Motorola announced to the world that it had shipped its kajillionth set-top box. OK, that's an exaggeration--it's actually 50 million. But any excuse for a party, right?
To commemorate the self-congratulatory occasion, the company treated us all to a fascinating history of the set-top box. I'll paraphrase: Way back in 1996 (the modern equivalent of the Iron Age), Motorola capitalized on this newfangled thing called "digital cable." With its advent, companies could do things like send "program guides" and "shows on-demand." (Cue the French horns.) In its prescience, Motorola put out "the first commercial set-top box in the field," according to the press release. Actually, it says in the next paragraph, General Instrument Corp. shipped the first one. And then Motorola bought them. Eh, same difference.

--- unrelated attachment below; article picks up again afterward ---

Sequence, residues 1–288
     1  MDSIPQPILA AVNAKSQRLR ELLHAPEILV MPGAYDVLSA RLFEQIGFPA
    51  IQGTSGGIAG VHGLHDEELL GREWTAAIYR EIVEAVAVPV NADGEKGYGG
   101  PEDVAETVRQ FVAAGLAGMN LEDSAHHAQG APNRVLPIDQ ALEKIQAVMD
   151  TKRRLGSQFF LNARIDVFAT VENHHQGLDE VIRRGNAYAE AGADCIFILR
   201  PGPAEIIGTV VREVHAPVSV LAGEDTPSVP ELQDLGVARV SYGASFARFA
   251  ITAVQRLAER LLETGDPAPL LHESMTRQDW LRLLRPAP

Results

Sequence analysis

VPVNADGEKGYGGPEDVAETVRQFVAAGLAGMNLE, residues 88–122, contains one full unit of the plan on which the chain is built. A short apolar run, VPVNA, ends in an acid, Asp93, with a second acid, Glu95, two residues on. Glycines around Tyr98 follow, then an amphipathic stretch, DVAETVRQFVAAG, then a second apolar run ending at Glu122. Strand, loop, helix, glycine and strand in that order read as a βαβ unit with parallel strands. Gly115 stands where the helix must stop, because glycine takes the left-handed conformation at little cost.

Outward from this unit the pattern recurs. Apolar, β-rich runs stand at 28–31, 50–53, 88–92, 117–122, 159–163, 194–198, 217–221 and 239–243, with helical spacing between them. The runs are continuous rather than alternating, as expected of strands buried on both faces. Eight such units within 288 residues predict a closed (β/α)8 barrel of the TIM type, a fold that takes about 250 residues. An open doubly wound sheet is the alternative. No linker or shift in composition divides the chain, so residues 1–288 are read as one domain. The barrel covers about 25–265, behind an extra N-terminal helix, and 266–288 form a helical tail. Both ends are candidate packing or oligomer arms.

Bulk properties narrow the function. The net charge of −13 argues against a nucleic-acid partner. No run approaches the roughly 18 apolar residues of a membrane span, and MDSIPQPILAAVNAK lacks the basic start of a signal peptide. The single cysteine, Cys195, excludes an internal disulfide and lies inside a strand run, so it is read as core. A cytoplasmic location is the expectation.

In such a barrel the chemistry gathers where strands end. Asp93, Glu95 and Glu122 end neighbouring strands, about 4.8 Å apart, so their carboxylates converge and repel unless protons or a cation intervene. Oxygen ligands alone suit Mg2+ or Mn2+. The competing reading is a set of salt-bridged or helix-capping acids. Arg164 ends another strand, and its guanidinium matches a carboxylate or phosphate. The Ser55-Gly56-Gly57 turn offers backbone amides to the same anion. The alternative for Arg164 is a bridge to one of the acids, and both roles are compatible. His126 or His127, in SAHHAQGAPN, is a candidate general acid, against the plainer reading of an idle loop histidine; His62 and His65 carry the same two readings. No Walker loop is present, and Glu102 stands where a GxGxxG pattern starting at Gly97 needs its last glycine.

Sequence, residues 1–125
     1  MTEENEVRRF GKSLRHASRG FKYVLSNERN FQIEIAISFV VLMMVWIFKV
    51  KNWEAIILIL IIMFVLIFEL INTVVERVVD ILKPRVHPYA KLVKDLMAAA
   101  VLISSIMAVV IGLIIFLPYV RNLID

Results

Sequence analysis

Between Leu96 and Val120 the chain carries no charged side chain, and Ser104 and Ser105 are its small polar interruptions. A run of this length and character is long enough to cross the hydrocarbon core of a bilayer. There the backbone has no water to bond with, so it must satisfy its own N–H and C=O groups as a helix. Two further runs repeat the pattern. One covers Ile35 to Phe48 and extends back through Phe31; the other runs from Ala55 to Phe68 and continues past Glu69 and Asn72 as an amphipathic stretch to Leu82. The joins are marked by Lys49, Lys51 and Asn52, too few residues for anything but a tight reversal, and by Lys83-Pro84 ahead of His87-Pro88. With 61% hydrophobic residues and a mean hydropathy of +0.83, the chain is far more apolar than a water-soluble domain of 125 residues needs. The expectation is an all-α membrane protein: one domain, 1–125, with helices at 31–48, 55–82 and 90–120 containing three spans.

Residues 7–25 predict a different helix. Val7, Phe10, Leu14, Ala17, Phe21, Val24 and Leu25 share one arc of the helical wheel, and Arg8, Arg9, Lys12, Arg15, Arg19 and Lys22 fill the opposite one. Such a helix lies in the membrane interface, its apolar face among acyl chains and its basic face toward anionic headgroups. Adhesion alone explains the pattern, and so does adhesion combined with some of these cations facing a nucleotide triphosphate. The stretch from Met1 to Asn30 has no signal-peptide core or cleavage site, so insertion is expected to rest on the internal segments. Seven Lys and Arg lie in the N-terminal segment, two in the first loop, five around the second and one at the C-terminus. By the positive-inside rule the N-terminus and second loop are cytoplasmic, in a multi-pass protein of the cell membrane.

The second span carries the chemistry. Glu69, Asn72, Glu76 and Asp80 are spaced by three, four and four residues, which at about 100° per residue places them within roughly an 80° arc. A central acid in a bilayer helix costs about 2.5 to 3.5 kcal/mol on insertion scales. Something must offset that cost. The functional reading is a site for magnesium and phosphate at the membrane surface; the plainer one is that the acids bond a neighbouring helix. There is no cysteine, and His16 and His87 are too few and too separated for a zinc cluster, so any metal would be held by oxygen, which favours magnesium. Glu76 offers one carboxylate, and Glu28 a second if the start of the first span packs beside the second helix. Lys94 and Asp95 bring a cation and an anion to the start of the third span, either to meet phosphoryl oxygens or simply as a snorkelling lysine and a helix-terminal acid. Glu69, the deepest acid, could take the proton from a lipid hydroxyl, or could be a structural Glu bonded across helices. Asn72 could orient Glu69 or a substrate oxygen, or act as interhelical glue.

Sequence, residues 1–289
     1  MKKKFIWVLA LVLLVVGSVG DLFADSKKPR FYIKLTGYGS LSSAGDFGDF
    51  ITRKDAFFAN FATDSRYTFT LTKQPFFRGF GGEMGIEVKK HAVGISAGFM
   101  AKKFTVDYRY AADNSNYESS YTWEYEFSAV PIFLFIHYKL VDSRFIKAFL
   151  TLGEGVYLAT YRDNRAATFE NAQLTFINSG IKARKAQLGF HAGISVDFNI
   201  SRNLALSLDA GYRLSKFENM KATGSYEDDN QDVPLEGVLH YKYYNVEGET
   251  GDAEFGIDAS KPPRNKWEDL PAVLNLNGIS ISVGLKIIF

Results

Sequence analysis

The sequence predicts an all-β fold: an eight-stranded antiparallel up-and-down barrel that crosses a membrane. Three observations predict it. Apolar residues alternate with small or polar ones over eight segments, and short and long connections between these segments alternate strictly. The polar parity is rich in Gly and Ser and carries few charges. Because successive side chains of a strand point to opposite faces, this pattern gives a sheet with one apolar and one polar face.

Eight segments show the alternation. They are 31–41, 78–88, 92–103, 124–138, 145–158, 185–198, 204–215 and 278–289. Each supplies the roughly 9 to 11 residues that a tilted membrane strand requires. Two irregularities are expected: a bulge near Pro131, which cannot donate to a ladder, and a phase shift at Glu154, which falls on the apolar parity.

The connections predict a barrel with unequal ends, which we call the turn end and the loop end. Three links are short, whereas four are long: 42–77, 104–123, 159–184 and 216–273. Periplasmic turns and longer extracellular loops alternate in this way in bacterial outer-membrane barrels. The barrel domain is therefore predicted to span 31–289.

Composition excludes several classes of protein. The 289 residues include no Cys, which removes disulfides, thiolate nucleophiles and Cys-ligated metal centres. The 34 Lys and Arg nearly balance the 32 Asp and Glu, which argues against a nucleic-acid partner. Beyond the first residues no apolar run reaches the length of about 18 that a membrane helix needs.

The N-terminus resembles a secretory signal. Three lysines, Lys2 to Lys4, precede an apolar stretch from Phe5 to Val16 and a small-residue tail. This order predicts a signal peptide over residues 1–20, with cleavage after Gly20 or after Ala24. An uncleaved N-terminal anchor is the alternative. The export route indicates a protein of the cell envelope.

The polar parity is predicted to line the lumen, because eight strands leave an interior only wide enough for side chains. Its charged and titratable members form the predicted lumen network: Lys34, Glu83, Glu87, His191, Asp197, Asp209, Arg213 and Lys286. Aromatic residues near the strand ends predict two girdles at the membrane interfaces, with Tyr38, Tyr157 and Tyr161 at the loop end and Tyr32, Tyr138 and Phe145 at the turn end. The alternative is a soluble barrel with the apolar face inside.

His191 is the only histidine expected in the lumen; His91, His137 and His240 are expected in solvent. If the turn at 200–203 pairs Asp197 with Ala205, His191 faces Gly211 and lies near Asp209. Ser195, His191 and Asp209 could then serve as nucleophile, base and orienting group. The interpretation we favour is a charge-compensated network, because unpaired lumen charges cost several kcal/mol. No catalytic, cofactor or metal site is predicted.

Anyway, back to the 50 million. You want that number in some wacky geographic or cartographic context? Motorola's PR team is glad you asked. Fifty million set-top boxes stacked end-to-end would stretch from Sydney to London, and stacked on top of each other would stand higher than 400 Mt. Everests.
To quote my least favorite actor (except in "The Matrix"): "Whoa."
(Photos: Motorola, PBS)